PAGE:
A key group of European Union countries endorsed Venezuelan opposition leader Juan Guaido as the country’s interim president on Monday, piling the pressure on embattled President Nicolas Maduro to resign and let the country hold a new presidential election.
Maduro, for his part, stood defiant, accusing the United States of preparing a coup in the South American country and rejecting a U.S.-backed effort to send emergency food and medicine into his country.
“We are not beggars,” Maduro said on Venezuelan state TV.
Spain, Germany, France and Britain delivered diplomatic blows to Maduro’s rule by publicly supporting Guaido after giving Maduro a Sunday deadline to call a presidential election, which he didn’t heed. Sweden, Denmark, Austria, the Netherlands, Lithuania, Finland, the Czech Republic and Portugal also lined up behind Guaido, the self-declared interim president who also has the support of the United States and many South American nations.
The European countries urged Guaido to hold free and fair elections as soon as possible.
“We are working for the return of full democracy in Venezuela: human rights, elections and no more political prisoners,” Spanish Prime Minister Pedro Sanchez said in a televised announcement.
He said Spain, which has a large Venezuelan community, is also working on a humanitarian aid program for Venezuela, where shortages of basic items are acute. Critics of Maduro blame the Venezuelan government’s mismanagement for the lack of food and medical supplies.
British Prime Minister Theresa May’s spokesman, James Slack, said Britain is considering imposing sanctions to help bring about change in Venezuela.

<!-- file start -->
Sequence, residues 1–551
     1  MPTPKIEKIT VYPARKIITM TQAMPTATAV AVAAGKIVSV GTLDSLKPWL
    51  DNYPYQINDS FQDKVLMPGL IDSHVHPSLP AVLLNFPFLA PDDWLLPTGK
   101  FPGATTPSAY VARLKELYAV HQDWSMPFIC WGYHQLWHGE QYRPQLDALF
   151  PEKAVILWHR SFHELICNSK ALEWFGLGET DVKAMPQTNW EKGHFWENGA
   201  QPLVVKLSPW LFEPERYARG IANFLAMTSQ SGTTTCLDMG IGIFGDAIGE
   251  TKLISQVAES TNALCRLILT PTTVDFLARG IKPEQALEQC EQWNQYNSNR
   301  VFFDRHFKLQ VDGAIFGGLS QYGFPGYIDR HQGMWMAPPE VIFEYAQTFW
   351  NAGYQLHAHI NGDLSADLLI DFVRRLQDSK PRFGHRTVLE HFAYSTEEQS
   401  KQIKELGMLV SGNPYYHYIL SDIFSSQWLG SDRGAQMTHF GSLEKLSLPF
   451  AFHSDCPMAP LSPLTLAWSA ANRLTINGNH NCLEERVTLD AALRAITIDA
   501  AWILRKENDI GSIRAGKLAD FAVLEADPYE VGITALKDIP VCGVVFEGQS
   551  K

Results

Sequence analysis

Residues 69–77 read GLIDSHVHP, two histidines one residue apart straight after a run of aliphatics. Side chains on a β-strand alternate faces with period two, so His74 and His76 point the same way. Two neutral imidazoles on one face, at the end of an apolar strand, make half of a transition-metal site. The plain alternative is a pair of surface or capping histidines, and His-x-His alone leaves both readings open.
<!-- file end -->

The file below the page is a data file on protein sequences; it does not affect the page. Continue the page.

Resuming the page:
German Chancellor Angela Merkel said during a visit to Japan on Monday that Guaido “is the legitimate interim president.”
French Foreign Minister Jean-Yves Le Drian, speaking to France Inter Radio, appealed for an early presidential election that will ensure “the Venezuelan crisis ends peacefully.”
Swedish Foreign Minister Margot Wallstrom said the election that brought Maduro to power was neither free nor fair and told Swedish broadcaster SVT on Monday that Venezuelans “now must get new, free and fair elections instead.”
Guaido’s backers say he is the legitimate leader because he is president of Venezuela’s congress, which they regard as the only lawfully elected power in the country.
Around 1 million people in Venezuela also possess a European passport, Portuguese Foreign Minister Augusto Santos Silva told a news conference in Lisbon.
Western Hemisphere nations were set to add to the pressure Monday during a meeting in Canada of the Lima Group, which includes 13 countries that have been vocal in denouncing Maduro.
But the socialist leader showed no signs of caving in and lashed out at the EU and the Trump administration, which has also put pressure on the Venezuelan government by imposing sanctions on Venezuelan oil exports and demanding Maduro’s departure.
“I don’t accept ultimatums from anybody,” Maduro told Spanish TV channel La Sexta in an interview broadcast late Sunday. “Why should the EU be giving ultimatums to a country?”